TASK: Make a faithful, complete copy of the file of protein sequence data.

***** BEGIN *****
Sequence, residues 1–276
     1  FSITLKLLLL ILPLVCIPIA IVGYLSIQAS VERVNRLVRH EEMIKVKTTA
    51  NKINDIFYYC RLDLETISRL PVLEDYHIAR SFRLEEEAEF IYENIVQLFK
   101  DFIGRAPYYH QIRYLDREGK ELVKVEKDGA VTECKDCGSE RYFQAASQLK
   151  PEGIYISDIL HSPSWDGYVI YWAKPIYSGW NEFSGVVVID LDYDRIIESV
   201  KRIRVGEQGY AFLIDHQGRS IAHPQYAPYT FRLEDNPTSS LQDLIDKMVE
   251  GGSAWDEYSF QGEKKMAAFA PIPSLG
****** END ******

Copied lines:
Sequence, residues 1–276
     1  FSITLKLLLL ILPLVCIPIA IVGYLSIQAS VERVNRLVRH EEMIKVKTTA
    51  NKINDIFYYC RLDLETISRL PVLEDYHIAR SFRLEEEAEF IYENIVQLFK
   101  DFIGRAPYYH QIRYLDREGK ELVKVEKDGA VTECKDCGSE RYFQAASQLK
   151  PEGIYISDIL HSPSWDGYVI YWAKPIYSGW NEFSGVVVID LDYDRIIESV
   201  KRIRVGEQGY AFLIDHQGRS IAHPQYAPYT FRLEDNPTSS LQDLIDKMVE
   251  GGSAWDEYSF QGEKKMAAFA PIPSLG